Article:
Pretty soon after the border we stopped at a small station named Druzhba.[1] Here we alighted, being informed by the guard that our steed was not to depart again until four o' clock in the afternoon.

Druzhba was culture shock. Surrounded by vast windswept steppe, here was a little piece of Eastern Europe in Asia's heart. The station buildings looked typical of Romania and inside the small restaurant pale-skinned Russians slurped their borsch and beer. We sat down and did the same, before rising again to explore the meagre settlement beyond the confines of the railway station.

Now 'Druzhba' might mean 'friendship', but this did not look altogether that friendly a place. In fact, if anything it reminded me of one of the army camps that I'd visited as a kid with my ex-soldier uncle. But there again, it probably was little more than just a camp anyway. After all, what else was there here to employ people but a big border?

And a border that could turn nasty too. After the Sino-Soviet split of 1960 there had been several skirmishes along it and now with ideological as well as cultural differences to protect, surely it is better to be safe than sorry.

We wandered around the desolate-looking apartments with kids playing football in the dirt outside and felt sorry for the soldiers and their families who had the misfortune to be stationed here, a crumbling outpost in the middle of nowhere which had but one saving grace: Good borsch in the cafe.

But returning to the station, that nightmare of being stuck in Druzhba seemed to have come a little to close for comfort. Our train had disappeared!

“But I thought that the guy had said that it would leave at four!” I said in disbelief.

“Maybe,” replied my Zeelandic travel partner, “but it clearly is not here now, is it?”

He had a point and so I went to the information office to enquire as to where our train had got to.

“It will come back,” replied the not-so-nice lady who evidently did not welcome enquiries despite the notice in her window proclaiming that she did.

“But where is it, and our bags, at the moment?”

Sadly my Russian was not up to comprehending the reply but we soon discovered the answer when we went back to the platform.

“Matt, you know about trains. Trains run on two rails, right?”


“So why are there three rails to this track then?”

I looked down. He was right. The distance between the one nearest to us and the middle rail was about right; the international Stephenson Standard Gauge of four feet eight and a half inches. But the distance between the two outer rails was more like five feet. Just then a shunting locomotive came trundling along, using the two outer rails.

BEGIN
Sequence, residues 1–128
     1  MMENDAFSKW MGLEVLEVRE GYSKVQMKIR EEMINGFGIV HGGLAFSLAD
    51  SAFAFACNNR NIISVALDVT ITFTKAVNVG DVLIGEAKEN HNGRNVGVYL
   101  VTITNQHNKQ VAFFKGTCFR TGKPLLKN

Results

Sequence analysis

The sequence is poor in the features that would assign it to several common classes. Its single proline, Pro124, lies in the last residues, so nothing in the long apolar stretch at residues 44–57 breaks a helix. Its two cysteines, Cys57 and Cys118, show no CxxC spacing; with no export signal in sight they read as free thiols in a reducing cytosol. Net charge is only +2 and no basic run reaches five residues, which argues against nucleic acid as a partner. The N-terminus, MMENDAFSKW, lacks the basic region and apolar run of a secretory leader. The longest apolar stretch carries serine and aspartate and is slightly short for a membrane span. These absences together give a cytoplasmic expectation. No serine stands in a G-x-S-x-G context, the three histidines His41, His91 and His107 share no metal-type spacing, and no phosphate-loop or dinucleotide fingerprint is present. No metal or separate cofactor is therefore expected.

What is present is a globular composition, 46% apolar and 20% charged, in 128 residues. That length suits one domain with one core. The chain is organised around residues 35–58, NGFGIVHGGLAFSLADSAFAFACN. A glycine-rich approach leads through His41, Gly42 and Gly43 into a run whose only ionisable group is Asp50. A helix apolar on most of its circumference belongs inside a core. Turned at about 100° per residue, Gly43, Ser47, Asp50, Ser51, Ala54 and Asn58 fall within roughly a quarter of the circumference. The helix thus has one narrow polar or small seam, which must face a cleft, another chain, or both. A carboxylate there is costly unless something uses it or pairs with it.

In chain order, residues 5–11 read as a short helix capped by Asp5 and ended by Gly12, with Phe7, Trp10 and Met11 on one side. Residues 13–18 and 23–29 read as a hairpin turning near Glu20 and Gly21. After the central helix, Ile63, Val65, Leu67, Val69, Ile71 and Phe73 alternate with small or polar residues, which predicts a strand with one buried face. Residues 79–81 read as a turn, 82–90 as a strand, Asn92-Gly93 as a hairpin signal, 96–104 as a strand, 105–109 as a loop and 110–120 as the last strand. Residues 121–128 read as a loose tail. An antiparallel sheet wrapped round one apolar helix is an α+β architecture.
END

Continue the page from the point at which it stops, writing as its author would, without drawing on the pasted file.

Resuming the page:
“So that's it!” I declared. “They use a different gauge here and our train...”

“What about our train?”

“Why, they're changing the wheels!”

And so it was. Around half past three the train, complete with Brian and baggage, returned, and true to the guard's words, it finally departed Druzhba at exactly four o'clock.

druzhba02  All aboard the Almaty Express!

And the rest of the day we spent travelling and talking. As our blue snake of the iron road erm... snaked through the empty steppe, past small villages, the occasional lake and distant peaks, we snaked through a myriad on topics of conversation. Travel, Japan, the European Union, Tibetan and Uyghur Independence, the Netherlands, Mao Tse Tung, the Republic of Ireland, kebabs, Turkmenbashi, the United Kingdom and East European womenfolk. And so it was until darkness fell somewhere near to the town of Lepsi, and we retired to our bunks for the night after an interesting first day in the 'Stans'.

druzhba03 A Kazakh village by the railway line

14th August, 2002 – Almaty, Kazakhstan

Almaty, formerly the capital of the Kazakh SSR, then the capital of the independent Republic of Kazakhstan, now a mere provincial town, having been robbed of its high official standing by the infinitely wise President Nazerbayev, who has moved his ministries north to a steppe city imaginatively named ‘Capital’.[1] So, with her status gone, what was modern-day Almaty like?

almaty01 Almaty Railway Station: very Russian

Her suburbs looked Russian. The first station that we stopped at, Almaty II, Russian; the pale-skinned occupants of the platforms, Russian; and the borsch in the station café, mmm… that definitely tasted Russian.

Brian, (who was one of the very few un-Russian things in the locality), had to meet his pre-arranged travel agent at the station, as she was to take him to his hotel. He promised to return straight after checking in. That’s how we knew that the borsch in the restaurant was Russian as well. Brian however, never found this out, as he failed to turn up.